Off the first tee, a short dogleg left downhill to a small well-bunkered green, I hit a perfect (for me) 5-iron that drew around the corner and ran down about 225 yards. Hit a full sandwedge about 100 yards and landed right side of the pin, then sank a curling 18-foot putt for birdie. I'm loving this course! (Son-in-law lost his drive in the trees and went downhill, literally, from there.)

The rest of my round was the usual roller coaster from par to triple bogey but I was not bothered after the great starting hole and the expectation by me and my playing partners that I was going to hit it well. That first hole just kept me confident and relaxed for the day and happy to come back soon.

The lesson learned was one often stated by the pros, "Keep visualizing your successes, not your failures, and that is what you are more likely to repeat."

Thursday, August 7, 2008

Many ways to get there

An interesting round this week with my friend Giles. We are about the same calibre and often are close in score but this week was unusual.

We started well. He takes his usual abbreviated back swing and hits a drive down the middle. I take my usual full swing and hit a five iron past him and still on the fairway. I chunk the next shot and we both bogey. We then both make the next hole, par 3, and carry on from there. He works his way around with another par 3, a few bogeys and doubles. I also make the other par 3 and play better except for a blow-up 9. Surprisingly, we finish the front nine together at 49. (Not great golf, but we're 20+ handicappers and the course has punishing rough. No margin for error; if you're into the hay it's a lost ball.)

We chat to the cute and charming young lady serving hot dogs during our break then start badly on the back nine. (We agreed she was to blame.) I stumble to a 7 on the first par 3 and manage another ugly 9 on a par 4. Saved by my putting, I sink a couple of 10 and 12-footers and everything within 4-feet for two more pars, a 3 and a 5. Giles doesn't get any putts to fall in but keeps it close with bogeys.

Over the 19th hole beers, we add it all up. And discover we both had 49 again on the back nine!

If you've watched the pros, you'll see the same phenomenon. As in business, there are many ways to get there - power, finesse, and luck may all apply in varying degrees at different times. The bottom line is still all that matters. This is not figure skating - there are no points for style.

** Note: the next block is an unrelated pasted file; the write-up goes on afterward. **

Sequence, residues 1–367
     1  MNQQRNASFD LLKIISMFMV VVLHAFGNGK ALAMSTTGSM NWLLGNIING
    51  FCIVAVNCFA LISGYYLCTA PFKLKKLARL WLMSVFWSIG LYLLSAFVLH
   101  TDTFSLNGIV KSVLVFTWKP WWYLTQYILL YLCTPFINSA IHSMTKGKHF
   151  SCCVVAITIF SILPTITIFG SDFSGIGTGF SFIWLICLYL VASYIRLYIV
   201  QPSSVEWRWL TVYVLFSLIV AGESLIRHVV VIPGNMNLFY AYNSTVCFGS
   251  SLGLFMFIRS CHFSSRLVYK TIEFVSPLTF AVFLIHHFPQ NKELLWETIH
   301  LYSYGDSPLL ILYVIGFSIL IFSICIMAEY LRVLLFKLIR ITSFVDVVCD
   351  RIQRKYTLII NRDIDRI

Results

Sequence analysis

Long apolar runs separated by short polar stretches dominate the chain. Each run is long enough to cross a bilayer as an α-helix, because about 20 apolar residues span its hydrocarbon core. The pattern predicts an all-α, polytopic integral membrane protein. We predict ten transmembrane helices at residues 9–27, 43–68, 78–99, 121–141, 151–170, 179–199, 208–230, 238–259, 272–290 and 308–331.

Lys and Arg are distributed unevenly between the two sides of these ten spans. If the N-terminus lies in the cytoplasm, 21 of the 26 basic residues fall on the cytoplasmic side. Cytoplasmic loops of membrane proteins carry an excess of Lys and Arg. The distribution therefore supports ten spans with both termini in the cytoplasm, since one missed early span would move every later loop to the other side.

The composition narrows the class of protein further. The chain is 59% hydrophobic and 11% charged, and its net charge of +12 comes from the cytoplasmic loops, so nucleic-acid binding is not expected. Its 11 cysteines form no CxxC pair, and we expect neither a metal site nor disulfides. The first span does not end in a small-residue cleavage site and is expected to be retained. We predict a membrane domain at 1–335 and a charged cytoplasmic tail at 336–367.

Thursday, June 19, 2008

More fun with young golfers

I had already learned from my seven year-old grandson that hitting balls at the driving range was not much fun. So yesterday we tried his suggestion of hitting balls on the soccer field. We made a game of hitting them from one end down through the goal posts at the other end.

His swing technique is getting better and he hit a couple of good 7-irons at least 50 yards. Scared me once as he sent a long one towards the parking lot and all those windshields sitting there. That and taking out a few of his little brother's teeth on the backswing were the biggest risks. The little brother, age four, also did quite well with his hockey slap shot technique from his hours of road hockey.

All in all we had fun and made progress. That's as good as it gets in golf (and business).

Thursday, June 12, 2008

Getting rusty

As Tiger comes back from his surgery and the recovery related delay to play the US Open this week there is much talk of whether he's rusty or not. Strange term to use after he has presumably had the "rust" removed from the hinge that is his left knee.

Not many are convinced that it will provide any competitive advantage to the others in the tournament. Tiger has played sick, tired, distracted and injured before and still won. Maybe harder for him and closer for the others, but he's still able to pull it out through sheer strength of will. His mental toughness is formidable under pressure.

That's probably the golf and business lesson for all of us. After any setback or prolonged absence it is important to re-focus and concentrate on the fundamentals to achieve our goals. Keep it simple, ignore the obstacles, and go for it.

Monday, June 9, 2008

Coaching a young golfer

I started a new golf challenge on the weekend - introducing the game to my seven year-old grandson.

We soon agreed that hitting balls at the driving range is not much fun.

First lesson for me: Like coaching young entrepreneurs, there is no point in doing this if it's not going to be fun because there is certainly no guarantee that you'll ever make money at it.

So let's find out how to make this fun. I'm looking for ideas and his suggestion of practicing on the soccer field sounds a little risky. Meanwhile I'm looking for whiffle balls before somebody gets hurt.

Another early challenge is which way to swing, left or right. Like many young Canadians he naturally picked up the club to smack it like a slap shot with his hockey stick - left handed. Oops, the clubs were right-handed. After debating with his father, who plays left but is right handed, we decided to keep the right handed clubs and let him start that way. He seemed to get the idea fairly quickly, including an interlocking grip, so we'll keep working at it.